Are REITs Considered Alternative Investments?

Are REITs Considered Alternative Investments?

Posted by on Jan 4, 2022


Investing can be a way to earn extra income and plan for your future. One type of asset to consider investing in is real estate, in the form of REITs.

What are REITs?

REIT stands for real estate investment trust, and it is a company or trust that owns or invests in real estate or assets related to real estate. REITs gather capital from numerous investors to purchase and manage residential, retail, or commercial real estate properties. Individual investors purchase shares of the REIT and can potentially earn passive income through dividends and capital gains.

REITs give individuals the opportunity to invest in portfolios of real estate assets at a fraction of the cost of owning traditional real estate. You can invest in a portfolio of properties or in one larger asset, similar to how you invest in stocks.

REITs are required to have a minimum of 100 investors called shareholders and must distribute 90% or more of their taxable income to their shareholders as dividends.

A REIT makes its income from property rentals, interest on mortgage payments, or the sale of the properties it owns. REITs allow you to diversify your investments and can help manage risk by introducing additional investment opportunities to your portfolio.

Any dividends produced by REITs can also be higher than other assets


What Are Alternative Investments?

Alternative investments are financial assets that aren’t included in the traditional investment assets of cash, stocks, and bonds. They include financial assets such as private equity, commodities, hedge funds, and real estate.

Other collectible physical assets, including art, antiques, stamps, and wine, are also considered alternative investments. Most alternative investments are illiquid, meaning the assets can’t easily be sold for cash without being subjected to a significant reduction in value.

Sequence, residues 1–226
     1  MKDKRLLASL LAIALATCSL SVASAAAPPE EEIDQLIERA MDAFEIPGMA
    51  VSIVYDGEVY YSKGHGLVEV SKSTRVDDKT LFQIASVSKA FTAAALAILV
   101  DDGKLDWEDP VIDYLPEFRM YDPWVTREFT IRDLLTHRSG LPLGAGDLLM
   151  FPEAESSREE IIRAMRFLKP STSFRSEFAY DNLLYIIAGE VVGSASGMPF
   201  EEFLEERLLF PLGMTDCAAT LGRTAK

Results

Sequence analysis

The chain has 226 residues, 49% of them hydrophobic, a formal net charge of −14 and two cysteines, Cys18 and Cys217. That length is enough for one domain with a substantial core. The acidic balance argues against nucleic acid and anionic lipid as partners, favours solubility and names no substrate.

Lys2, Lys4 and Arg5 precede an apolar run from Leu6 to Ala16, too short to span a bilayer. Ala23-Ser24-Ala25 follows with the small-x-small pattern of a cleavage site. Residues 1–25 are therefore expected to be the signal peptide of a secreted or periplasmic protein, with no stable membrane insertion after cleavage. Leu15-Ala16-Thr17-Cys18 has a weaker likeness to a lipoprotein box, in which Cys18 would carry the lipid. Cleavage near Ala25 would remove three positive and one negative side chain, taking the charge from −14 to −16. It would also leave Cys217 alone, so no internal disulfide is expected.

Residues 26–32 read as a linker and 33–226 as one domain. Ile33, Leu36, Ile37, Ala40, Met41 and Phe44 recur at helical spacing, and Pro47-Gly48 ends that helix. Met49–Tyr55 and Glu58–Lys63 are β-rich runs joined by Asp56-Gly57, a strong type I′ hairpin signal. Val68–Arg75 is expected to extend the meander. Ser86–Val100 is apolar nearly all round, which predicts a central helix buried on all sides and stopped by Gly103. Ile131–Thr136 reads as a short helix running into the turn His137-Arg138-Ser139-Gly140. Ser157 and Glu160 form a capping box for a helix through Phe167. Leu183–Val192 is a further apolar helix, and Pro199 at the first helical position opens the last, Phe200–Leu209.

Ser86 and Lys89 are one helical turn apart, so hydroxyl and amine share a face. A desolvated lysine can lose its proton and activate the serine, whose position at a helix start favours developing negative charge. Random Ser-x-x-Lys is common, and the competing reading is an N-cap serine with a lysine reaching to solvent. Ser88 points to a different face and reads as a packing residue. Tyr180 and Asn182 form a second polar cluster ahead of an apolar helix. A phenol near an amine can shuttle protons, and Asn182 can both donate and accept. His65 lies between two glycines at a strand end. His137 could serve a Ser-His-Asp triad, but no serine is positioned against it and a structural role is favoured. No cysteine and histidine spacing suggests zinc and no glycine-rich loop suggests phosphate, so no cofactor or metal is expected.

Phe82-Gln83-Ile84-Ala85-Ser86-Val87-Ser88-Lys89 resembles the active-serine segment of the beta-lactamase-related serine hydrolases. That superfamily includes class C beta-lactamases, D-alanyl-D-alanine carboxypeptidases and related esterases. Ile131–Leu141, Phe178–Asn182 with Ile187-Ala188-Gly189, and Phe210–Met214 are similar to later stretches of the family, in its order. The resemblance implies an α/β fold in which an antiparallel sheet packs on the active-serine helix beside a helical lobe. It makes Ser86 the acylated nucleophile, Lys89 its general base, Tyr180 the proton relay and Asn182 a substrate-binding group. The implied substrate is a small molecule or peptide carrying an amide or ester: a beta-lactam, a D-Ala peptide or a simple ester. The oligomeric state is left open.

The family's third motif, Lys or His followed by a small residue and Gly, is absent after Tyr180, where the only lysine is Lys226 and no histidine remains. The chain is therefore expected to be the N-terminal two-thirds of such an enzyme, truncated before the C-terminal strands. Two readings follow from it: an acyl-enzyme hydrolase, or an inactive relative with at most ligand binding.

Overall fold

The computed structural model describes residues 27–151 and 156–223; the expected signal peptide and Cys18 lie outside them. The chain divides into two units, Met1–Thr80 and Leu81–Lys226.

Unlike traditional asset classes, most alternative investments aren’t traded through the public stock exchange. This is partly because alternative investments don’t face as much regulation as other asset classes, though they are subject to the Dodd-Frank Wall Street Reform and Consumer Protection Act.

Publicly held REITs are an exception, as they are traded through the stock exchange and can offer liquidity to investors.

Do REITs Fall Into that Asset Class?

Real estate is considered an alternative investment, as are REITs. Some argue that REITs shouldn’t be classified as alternative investments because they can be publicly traded, and their assets may have liquidity.

Publicly traded REITs tend to correlate with the stock market, but privately held REITs may not. These REITs may be easy to buy and sell, much like stocks and bonds.

However, REITs aren’t subject to the strict regulations of traditional investments of stocks, bonds, and mutual funds. They offer different advantages than traditional investments, and all types of REITs are regulated and treated as alternative investments.


This material is for general information and educational purposes only. Information is based on data gathered from what we believe are reliable sources. It is not guaranteed as to accuracy, does not purport to be complete and is not intended to be used as a primary basis for investment decisions. It should also not be construed as advice meeting the particular investment needs of any investor. Diversification does not guarantee a profit or protect against a loss in a declining market. It is a method used to help manage investment risk. There is no guarantee that companies that can issue dividends will declare, continue to pay, or increase dividends. A REIT is a security that sells like a stock on the major exchanges and invests in real estate directly, either through properties or mortgages. REITs receive special tax considerations and typically offer investors high yields, as well as a highly liquid method of investing in real estate. There are risks associated with these types of investments and include but are not limited to the following: Typically no secondary market exists for the security listed above. Potential difficulty discerning between routine interest payments and principal repayment. Redemption price of a REIT may be worth more or less than the original price paid. Value of the shares in the trust will fluctuate with the portfolio of underlying real estate. There is no guarantee you will receive any income. Involves risks such as refinancing in the real estate industry, interest rates, availability of mortgage funds, operating expenses, cost of insurance, lease terminations, potential economic and regulatory changes. This is neither an offer to sell nor a solicitation or an offer to buy the securities described herein. The offering is made only by the Prospectus.


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